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The Girlfriend’s Guide To Sound Baths

Just don't doze off.

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Woman at Wellness massage with singing bowls
kzenon/Getty Images/iStockphoto
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Back in the day — say, a year ago — a warm bubble bath was the ideal way to unwind after a long day. Now you can find your zen via a sound bath, an immersion in sound frequency intended to cleanse your soul and leave you feeling mentally and physically rested. No water or tub necessary.

Why am I just hearing about this? Well, the practice is the opposite of new: Tibetans have been using ancient instruments, considered sonic frequency technologies, for more than 2,000 years. But thanks to the booming health and wellness overall industry, Westerners (that’s us) have renewed interest in it. Now Sound Bath courses are being offered all over the country at around $25 a pop. A class can last up to three hours.

How does the bath work? Just to reiterate: It’s only a bath in the metaphorical sense. If anything, the experience is more akin to a group yoga session. During a Sound Bath immersion class, you lie down on a comfy padded mat or beanbag and put on an eye mask (though most rooms are dimly lit). After a few minutes of breath work (led by an instructor), you’ll hear different kinds of sounds and frequencies in succession.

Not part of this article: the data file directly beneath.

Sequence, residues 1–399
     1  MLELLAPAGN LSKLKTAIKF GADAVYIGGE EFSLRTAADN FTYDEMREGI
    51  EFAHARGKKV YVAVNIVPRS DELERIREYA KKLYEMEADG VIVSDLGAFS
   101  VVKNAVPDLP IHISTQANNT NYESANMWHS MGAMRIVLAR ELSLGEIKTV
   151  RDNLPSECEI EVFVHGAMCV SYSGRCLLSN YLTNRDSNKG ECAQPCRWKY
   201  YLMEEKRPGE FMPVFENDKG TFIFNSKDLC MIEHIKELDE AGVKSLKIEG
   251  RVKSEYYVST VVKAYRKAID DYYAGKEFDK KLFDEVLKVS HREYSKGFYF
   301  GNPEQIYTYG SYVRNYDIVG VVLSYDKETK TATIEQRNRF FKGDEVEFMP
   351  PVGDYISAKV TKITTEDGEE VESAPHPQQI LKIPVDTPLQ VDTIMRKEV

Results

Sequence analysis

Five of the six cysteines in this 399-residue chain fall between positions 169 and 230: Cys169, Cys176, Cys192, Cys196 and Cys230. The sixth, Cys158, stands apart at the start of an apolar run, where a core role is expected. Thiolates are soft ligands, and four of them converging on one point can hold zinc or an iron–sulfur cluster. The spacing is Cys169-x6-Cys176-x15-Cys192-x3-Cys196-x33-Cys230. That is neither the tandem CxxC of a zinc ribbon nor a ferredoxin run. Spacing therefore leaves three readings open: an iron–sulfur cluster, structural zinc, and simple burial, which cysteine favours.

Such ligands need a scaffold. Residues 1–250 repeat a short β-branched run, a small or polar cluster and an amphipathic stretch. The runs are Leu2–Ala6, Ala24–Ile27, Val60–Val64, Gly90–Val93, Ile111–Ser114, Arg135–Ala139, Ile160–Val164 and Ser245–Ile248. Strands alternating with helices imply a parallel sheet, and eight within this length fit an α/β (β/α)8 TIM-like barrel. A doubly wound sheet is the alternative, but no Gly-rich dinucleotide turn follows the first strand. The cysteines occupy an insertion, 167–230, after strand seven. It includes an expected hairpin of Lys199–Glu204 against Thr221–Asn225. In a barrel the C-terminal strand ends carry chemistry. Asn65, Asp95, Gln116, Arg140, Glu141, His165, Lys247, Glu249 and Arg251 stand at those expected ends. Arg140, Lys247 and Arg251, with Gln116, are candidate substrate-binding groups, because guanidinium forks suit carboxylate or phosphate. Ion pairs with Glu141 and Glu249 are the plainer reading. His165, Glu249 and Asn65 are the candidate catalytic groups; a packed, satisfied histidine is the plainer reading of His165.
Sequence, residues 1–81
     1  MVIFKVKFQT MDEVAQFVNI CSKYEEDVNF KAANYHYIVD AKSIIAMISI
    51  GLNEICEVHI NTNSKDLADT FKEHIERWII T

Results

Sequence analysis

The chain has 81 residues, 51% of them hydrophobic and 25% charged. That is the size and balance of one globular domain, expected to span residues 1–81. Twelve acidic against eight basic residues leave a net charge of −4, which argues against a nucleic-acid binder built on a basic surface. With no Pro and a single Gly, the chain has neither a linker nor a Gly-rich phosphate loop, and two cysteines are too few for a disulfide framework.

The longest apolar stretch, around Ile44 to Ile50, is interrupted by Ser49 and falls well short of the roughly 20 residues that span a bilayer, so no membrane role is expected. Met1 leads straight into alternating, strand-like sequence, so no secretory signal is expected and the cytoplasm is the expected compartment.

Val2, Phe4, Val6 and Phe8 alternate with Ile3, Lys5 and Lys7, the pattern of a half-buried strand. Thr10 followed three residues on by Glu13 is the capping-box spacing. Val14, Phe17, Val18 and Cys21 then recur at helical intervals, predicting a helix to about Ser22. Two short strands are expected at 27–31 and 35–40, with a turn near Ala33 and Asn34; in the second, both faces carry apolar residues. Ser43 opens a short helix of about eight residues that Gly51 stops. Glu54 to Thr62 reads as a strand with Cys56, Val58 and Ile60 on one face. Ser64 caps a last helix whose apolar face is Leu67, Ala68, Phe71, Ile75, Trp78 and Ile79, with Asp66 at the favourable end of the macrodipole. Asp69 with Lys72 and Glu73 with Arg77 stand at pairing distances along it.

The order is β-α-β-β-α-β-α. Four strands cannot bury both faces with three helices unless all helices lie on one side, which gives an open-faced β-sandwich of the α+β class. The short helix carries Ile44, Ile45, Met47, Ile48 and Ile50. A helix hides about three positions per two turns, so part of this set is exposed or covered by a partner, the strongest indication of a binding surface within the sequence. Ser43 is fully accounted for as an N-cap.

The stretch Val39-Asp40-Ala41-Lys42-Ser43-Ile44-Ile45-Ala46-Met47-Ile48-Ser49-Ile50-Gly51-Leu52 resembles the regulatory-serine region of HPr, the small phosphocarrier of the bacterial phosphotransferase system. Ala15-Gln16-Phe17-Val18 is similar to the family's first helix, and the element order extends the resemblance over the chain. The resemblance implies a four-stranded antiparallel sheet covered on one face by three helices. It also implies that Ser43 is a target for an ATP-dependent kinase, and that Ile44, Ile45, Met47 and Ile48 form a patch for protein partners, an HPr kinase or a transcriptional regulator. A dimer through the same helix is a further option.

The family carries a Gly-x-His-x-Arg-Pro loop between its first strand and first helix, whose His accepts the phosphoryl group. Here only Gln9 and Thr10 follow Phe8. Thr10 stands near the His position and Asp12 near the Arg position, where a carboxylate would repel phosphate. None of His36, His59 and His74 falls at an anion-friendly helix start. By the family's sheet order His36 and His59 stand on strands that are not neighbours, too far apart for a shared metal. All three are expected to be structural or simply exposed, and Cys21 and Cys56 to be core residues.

What am I listening to? Not Beyoncé. You’re not even going to hear rhythm or beats. The good vibrations are created by using an array of instruments with different frequencies that can include pulse drumming, Biosonic tuning forks, gongs, a shruti box, a Himalayan singing bowl, mbira, various percussion, chimes and overtone singing. The therapeutic audio should take you to a deeper emotional and mental place, enabling you to arrive in a calm state. It’s sort of like how you feel after a massage at the spa.

How does this benefit me? Researchers have found that sound waves affect the human nervous system and decrease blood pressure more than traditional meditation. Indeed, the power of sound can bring all your body parts into harmony: Ideally, you’ll combat your stress and anxiety, and induce relaxation by turning off all the chatter in your brain. Some bathers report a release of emotions, feeling overjoyed one minute and sad or uneasy the next. Crying is possible, too. The goal is to follow your intuition and let your breath guide you through whatever is happening. No judgments. Just don’t doze off — you’re supposed to stay present!

But I Can’t Meditate! Even better. The experience is a great first step if you want to gain the benefits from meditation but haven’t yet learned how to get there on your own. And unlike yoga, you don’t have to twist your body in a pretzel to reap the benefits. You just need to lie still and relax. Plus, think about it: You already have a long-term relationship with music, so you’re not trying to jump into the deep end. Sound good?